Our Ocean is Dying

You know that saying “there are plenty of fish in the sea”? Well, that saying is on the verge of never being used again.

Our large blue waters and everything in it are dying. We are slowly killing our marine life both from pollution and literally hitting them. Just recently, a ship in Santa Barbara hit a 12 year old blue whale which they found washed up to shore with an estimate of 9 centi-meter long earwax made with a combination of 16 pollutants.

 | Planktons |

It’s getting worse and worse every day. An article made by Daniel Boyce (quantitative marine ecologist), Marlon Lewis (oceanographer) and Boris Worm (Marine Research Ecologist and Associate Professor) states the importance and what has been happening to our oceans:

“In the oceans, ubiquitous microscopic phototrophs (phytoplankton) account for approximately half the production of organic matter on Earth. Analyses of satellite-derived phytoplankton concentration have suggested decadal-scale fluctuations linked to climate forcing, but the length of this record is insufficient to resolve longer-term trends. Here we combine available ocean transparency measurements and in situ chlorophyll observations to estimate the time dependence of phytoplankton biomass at local, regional and global scales since 1899. We observe declines in eight out of ten ocean regions, and estimate a global rate of decline of ~1% of the global median per year. Our analyses further reveal inter-annual to decadal phytoplankton fluctuations superimposed on long-term trends. These fluctuations are strongly correlated with basin-scale climate indices, whereas long-term declining trends are related to increasing sea surface temperatures. We conclude that global phytoplankton concentration has declined over the past century; this decline will need to be considered in future studies of marine ecosystems, geochemical cycling, ocean circulation and fisheries.”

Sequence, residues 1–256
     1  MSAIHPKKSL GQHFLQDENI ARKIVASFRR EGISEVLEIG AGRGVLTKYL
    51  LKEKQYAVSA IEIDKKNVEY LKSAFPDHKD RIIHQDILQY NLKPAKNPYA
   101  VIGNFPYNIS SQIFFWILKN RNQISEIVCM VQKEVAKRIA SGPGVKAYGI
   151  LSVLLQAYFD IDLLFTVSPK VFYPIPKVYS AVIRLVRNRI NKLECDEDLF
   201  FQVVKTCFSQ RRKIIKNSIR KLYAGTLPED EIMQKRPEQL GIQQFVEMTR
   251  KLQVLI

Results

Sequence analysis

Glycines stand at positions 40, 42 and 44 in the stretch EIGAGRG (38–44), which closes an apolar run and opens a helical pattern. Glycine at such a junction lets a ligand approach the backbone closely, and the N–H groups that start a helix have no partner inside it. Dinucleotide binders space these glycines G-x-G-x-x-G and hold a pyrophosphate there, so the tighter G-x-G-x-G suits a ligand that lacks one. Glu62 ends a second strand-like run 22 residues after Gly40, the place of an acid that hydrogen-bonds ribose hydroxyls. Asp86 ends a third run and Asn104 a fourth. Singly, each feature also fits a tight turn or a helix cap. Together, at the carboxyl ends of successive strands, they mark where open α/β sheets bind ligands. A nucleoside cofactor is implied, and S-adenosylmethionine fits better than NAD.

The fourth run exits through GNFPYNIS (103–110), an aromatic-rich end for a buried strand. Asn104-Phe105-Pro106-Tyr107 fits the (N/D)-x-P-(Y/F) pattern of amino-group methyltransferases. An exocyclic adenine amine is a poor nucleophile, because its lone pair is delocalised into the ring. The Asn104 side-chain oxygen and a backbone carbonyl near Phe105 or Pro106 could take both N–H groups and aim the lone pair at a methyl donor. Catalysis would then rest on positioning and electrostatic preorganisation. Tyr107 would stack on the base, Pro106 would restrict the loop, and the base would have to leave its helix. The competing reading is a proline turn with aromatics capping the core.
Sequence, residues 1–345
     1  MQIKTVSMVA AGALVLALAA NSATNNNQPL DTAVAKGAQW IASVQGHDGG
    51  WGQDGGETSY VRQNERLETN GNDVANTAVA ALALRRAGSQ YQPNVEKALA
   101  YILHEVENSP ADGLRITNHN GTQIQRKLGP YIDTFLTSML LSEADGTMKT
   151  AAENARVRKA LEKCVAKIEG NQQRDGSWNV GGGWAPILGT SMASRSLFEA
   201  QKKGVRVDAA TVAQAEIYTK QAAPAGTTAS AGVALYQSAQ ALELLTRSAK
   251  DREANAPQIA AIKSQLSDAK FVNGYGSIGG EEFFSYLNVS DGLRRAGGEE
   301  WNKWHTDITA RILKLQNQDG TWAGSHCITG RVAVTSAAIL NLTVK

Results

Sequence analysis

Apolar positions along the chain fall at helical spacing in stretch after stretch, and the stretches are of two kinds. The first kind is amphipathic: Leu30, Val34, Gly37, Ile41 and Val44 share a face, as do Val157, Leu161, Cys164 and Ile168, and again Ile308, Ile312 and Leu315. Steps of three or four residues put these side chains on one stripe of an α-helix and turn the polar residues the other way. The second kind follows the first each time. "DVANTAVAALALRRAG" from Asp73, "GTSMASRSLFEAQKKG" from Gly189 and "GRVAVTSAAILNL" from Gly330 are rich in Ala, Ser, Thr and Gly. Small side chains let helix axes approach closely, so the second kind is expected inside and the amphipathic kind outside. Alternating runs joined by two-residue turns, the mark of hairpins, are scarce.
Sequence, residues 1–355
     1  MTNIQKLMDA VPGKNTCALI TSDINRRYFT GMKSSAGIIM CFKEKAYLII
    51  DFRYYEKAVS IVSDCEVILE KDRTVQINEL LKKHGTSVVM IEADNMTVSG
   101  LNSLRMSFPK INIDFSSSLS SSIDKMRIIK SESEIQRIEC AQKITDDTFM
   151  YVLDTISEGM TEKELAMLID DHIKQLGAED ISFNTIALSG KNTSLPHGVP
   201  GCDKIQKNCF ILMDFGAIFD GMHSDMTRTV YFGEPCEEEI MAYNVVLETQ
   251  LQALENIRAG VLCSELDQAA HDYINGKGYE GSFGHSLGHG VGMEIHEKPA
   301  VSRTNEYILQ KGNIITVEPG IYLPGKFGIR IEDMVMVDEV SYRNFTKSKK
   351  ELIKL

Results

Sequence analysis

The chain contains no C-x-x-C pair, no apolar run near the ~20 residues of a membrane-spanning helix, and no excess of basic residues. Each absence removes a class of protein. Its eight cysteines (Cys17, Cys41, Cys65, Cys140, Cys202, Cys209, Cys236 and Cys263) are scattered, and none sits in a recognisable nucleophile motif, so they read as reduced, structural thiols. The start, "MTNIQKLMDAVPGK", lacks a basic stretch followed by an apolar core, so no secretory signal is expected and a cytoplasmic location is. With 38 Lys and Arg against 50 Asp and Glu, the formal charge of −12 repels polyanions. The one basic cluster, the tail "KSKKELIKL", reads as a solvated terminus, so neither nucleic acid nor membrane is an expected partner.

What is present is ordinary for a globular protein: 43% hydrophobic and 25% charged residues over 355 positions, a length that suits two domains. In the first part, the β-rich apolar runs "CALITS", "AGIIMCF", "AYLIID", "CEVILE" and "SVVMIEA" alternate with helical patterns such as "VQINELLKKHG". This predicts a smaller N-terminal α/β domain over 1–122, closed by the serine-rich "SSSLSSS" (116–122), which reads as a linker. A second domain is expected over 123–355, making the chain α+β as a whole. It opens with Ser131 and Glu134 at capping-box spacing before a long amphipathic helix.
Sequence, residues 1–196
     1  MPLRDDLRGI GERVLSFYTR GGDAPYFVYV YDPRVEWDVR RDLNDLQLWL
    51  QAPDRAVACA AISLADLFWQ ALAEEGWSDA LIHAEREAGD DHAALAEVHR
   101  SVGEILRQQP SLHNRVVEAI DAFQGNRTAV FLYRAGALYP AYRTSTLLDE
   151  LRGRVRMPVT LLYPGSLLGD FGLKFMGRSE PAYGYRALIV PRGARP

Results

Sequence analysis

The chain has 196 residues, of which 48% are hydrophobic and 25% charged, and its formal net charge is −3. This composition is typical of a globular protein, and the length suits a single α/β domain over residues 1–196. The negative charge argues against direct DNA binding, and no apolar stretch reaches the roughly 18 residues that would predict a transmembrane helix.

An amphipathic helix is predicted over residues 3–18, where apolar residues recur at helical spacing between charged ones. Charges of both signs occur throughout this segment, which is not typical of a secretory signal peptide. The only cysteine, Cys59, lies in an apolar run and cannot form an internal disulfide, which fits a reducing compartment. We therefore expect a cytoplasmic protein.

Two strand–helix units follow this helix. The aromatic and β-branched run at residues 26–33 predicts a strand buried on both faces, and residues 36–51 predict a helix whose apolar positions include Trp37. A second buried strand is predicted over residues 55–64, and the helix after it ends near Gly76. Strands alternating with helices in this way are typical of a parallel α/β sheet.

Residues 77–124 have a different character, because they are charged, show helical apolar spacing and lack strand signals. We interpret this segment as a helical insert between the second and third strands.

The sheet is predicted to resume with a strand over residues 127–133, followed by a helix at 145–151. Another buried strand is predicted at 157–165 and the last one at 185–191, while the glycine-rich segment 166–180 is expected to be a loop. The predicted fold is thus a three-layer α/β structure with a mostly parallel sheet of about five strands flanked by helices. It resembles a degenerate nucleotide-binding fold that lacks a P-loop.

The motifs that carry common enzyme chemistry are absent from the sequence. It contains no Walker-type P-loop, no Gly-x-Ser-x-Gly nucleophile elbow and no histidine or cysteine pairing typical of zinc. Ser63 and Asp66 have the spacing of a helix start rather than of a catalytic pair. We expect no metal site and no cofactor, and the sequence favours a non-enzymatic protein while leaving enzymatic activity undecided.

Our Planktons are decreasing by the second. You need to know the importance of planktons because they change our oceans in a large but good way. First, let’s get to know what a plankton actually is….. well, it’s defined as a “small and microscopic organisms drifting or floating in the sea or fresh water, consisting chiefly of diatoms, protozoans, small crustaceans, and the eggs”. As small as these planktons are, the ocean living without these microscopic organisms would be different, it would show a huge difference. Now that you understand what it is time to explain what it does. Okay, so, these small plants help give nutrition to sea creatures such as: Whales; Shrimps; Snails and Jellyfish!

The big roles small planktons do:

(According to Reference)

  • Responsible for 1/2 of the worlds photosynthesis
  • Remove approximately 100 million tons of carbon dioxide from the earth (daily!!!)
  • Scientists use plankton as indicators to check out the changes in the ocean

(According to the United States Environmental Protection Agency)

  • Helps regulate temperature of our planet through the global carbon cycle
  • Important food source for large animals (AS LARGE AS WHALES!!!)
  • First link in the food chain
  • Primary producers
  • Help estuarine fish and shellfish in their survival

(According to NASA Earth Observatory)

  • Foundation of aquatic food web
  • Feeding everything from microscopic, animal-like zooplankton to multi-ton whales

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Can you see the importance this one small specie of plant could do to thousands and maybe even millions of sea creatures that swim around in our big blue bodies of water? If we were to compare planktons to our body then the ocean would be the the life blood and the planktons would be the red blood cells. We are not only putting thousands of animals at risk by our pollution but also ourselves.